The Grate Patriotic War Museum is the only thing like it on earth that I know of. No where in the United States do we have a dedication like this to our fallen comrades. The museum was dedicated to the grate patriotic war of 1941 - 1945, WW II. In recent years they added a section depicting their Vietnam war, Afghanistan, 1989 - 1999. The memorial complex sits on the slopes of a mountain and overlooks the Dnieper River and the city below. The memorial complex joins together a number of majestic commemorative buildings. The museum itself is located at the base of the statue of mother Russia. From the base of the museum to the top of the statue is 335 feet. In comparison the Statue of Liberty is 305 feet from its base to the top. The museum houses 16 exhibitions rooms covering a total area of more then 32,800 sq. ft. There are 15,000 museum items related to the events of WW II. They have what is called the war road. It is a road you follow through the museum that is made from the materials dating to the war itself. The road starts with Ukraine first encounter of the war to the final days of it. One of the most impressive displays was the table of death. This table snaked left and right through one of the 16 rooms. On the right side of the table were glasses of vodka, on the left side were canteens and personal effects of fallen soldiers. Every morning the women of the city and villages would come to the table and look for their love ones effects. If they found them they would drink the vodka as a tribute to their passing.

For a cyber tour of this magnificent memorial, go to. Click on Russia's war in Afghanistan, then click on Kiev war memorials - photographs by Chuck Atkers located center of the page about 1/3 of the way down the page.

On Saturday the 17th we were sorry to have to say good buy to the new friends we met in Kiev. Especially the new Mrs. Babysan, a cute one she is. We flew down to Odessa to meet Tom on a aircraft that any good TI would nix for bad tires alone. The airline was called Aerosvit, but for $55.00 round trip we took the chance. In Odessa, at the gate, stood Tom with two of the most beautiful girls you have ever seen. Tom introduced us to Tonya and Tanya. Tonya is to be our interpreter and tour guide while in Odessa. Tanya is Tom's office director and the next Mrs. Bill. She was to take care of all of the details like hotel rooms, taxi's and ballet tickets. Between the two of them we wanted for nothing. Odessa is a resort town on the north side of the Black Sea. Its called the pearl of the Black Sea and is the most charming town I've ever been in. The buildings , car's, truck's and buses all date back to the late 1940's. I made the statement of when the world ends I want to be in Odessa. The end will take place 60 years later. Like Kiev, the food was out of this world and the people were most curious about us. They especially wanted to know where we were during the events of 9/11.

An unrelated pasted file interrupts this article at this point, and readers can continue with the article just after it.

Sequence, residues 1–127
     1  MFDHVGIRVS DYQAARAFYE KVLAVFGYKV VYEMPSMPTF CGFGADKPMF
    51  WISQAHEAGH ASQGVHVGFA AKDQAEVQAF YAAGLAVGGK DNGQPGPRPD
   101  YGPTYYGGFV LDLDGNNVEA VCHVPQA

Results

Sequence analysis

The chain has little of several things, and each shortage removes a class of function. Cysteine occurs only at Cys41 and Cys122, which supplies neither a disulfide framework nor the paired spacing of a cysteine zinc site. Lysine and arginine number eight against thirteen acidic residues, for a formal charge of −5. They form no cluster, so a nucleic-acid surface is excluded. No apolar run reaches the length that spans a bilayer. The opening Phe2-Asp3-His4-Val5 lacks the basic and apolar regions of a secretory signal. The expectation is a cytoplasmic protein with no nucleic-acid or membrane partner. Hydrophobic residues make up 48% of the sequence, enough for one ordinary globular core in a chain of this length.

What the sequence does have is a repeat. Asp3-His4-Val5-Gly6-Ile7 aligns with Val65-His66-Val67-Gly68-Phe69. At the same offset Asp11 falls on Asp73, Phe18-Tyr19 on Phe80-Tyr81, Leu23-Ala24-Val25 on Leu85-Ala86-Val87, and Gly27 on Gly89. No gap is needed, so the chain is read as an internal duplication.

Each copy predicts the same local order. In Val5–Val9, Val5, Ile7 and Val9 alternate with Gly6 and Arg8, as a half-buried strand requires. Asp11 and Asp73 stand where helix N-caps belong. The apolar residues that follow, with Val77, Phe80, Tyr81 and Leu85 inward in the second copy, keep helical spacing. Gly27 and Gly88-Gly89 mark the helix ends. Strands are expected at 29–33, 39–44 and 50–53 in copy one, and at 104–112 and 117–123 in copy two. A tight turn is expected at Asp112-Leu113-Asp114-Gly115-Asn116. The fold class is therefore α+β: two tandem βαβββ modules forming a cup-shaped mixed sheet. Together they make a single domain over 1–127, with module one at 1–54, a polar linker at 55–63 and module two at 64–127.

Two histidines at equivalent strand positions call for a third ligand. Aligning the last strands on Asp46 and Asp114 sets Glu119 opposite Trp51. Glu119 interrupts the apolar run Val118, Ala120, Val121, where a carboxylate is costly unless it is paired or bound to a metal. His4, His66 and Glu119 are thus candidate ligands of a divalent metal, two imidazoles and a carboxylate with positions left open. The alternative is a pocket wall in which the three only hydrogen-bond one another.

And like Kiev we tried to see all there is to see, but never touched the surface. Although, I did for fill a age old passion to swim in the Black Sea. We saw everything from the opera house, to the zoo, to the port of Odessa. One night Mark and Tom almost got arrested for being out after curfew. They paid a "SKIVE" a fine to the attending law men who were trying to arrest them. All of this was going on while Tanya was showing me the culture of the city. : -)

On the 22nd we left Odessa with tears in our eyes knowing it will be while before we see our new friends again. We spent that night in Kiev, I in a hotel at the airport and Babysan downtown. : - ) It took us two days to get back to Washington with an uneventful night in Frankfurt.

In the car driving from Washington airport we made a promise to each other that we will go back some day to see the new friends we made and see the things we did not. That promise is so strong that we both enrolled in a Russian speaking class. We meet every Monday after work for dinner and I copy Marks homework before we go off to class.

Thanks Mark and Tom for one of the most remembered times of my life. I especially thank you both for being "Moy Brat".